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Many cars hacked/stolen daily; VW-Audi in the lead

by David Zatz on

According to Bloomberg, cars other than Chryslers are quite vulnerable to remote hacking — and car thieves have been taking advantage of that fact for years. 42% of stolen cars in London, according to the article, are taken by abusing the electronic locks. A fault in the RFID chip used by various automakers has been hidden since it was discovered by researchers in 2012, as companies sued the researchers to hold back their findings.

The flaw affects the Megamos Crypto transponder, which is used by Volkswagen-Audi Grup brands, Fiats, Hondas, Volvos, and some Maseratis (presumably not the Ghibli or Quattroporte). It will be presented at the USENIX security conference in Washington, DC, later this week.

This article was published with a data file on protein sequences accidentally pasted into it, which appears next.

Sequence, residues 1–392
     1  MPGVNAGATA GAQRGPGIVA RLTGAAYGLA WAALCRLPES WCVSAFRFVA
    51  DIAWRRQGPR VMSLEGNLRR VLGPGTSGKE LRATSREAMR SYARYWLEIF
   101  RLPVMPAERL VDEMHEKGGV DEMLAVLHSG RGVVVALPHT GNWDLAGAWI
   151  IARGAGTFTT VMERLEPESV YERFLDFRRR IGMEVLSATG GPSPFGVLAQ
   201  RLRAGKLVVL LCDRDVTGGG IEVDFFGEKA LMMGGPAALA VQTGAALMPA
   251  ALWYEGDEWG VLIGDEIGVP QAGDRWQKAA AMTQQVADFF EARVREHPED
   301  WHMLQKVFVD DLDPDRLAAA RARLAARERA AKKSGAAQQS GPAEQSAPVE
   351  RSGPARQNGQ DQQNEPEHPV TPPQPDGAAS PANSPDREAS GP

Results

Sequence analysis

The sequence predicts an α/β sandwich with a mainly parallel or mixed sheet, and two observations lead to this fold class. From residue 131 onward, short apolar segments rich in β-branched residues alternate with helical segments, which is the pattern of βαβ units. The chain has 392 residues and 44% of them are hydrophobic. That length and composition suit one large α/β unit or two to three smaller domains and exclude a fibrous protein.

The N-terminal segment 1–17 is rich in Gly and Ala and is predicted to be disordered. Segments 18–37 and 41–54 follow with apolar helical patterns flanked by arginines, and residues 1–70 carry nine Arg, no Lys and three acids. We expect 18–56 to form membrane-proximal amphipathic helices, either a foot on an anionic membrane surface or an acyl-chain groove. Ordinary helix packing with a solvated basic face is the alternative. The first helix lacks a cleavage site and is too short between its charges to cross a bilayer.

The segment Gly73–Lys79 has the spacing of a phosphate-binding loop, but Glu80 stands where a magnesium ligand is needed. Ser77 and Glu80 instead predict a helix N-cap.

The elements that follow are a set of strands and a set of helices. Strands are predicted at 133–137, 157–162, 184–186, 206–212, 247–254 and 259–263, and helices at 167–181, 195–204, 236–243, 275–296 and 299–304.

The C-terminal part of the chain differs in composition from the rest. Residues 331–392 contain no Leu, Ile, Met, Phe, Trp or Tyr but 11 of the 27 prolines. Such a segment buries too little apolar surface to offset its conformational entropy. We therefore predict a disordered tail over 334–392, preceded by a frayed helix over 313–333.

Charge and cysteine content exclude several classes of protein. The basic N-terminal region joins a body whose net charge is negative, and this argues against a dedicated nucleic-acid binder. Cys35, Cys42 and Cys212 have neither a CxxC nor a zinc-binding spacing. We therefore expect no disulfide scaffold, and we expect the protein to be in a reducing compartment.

The Megamos transponder uses a weak 96-bit cryptographic system (the SSL certificate on this site uses a 256-bit system). It run through every secret key option in under half an hour, handy when stealing a  Bentley or Porsche.

The researchers apparently went to the chip’s maker in 2012, a year later going to Volkswagen, which filed a lawsuit to block publication.

This is the latest in a series of attacks on cars, the most highly publicized of which was the remote takeover of a Jeep Cherokee using a flaw in the Sprint-based cell communication system, which was fixed at the network level on the same day; a firmware upgrade was also issued the same day and is available to all owners over the Web, but requires manual intervention. Dealers can install install the upgrade for free. Bloomberg did not mention any fix from Volkswagen-Audi, which has had two years to produce one.


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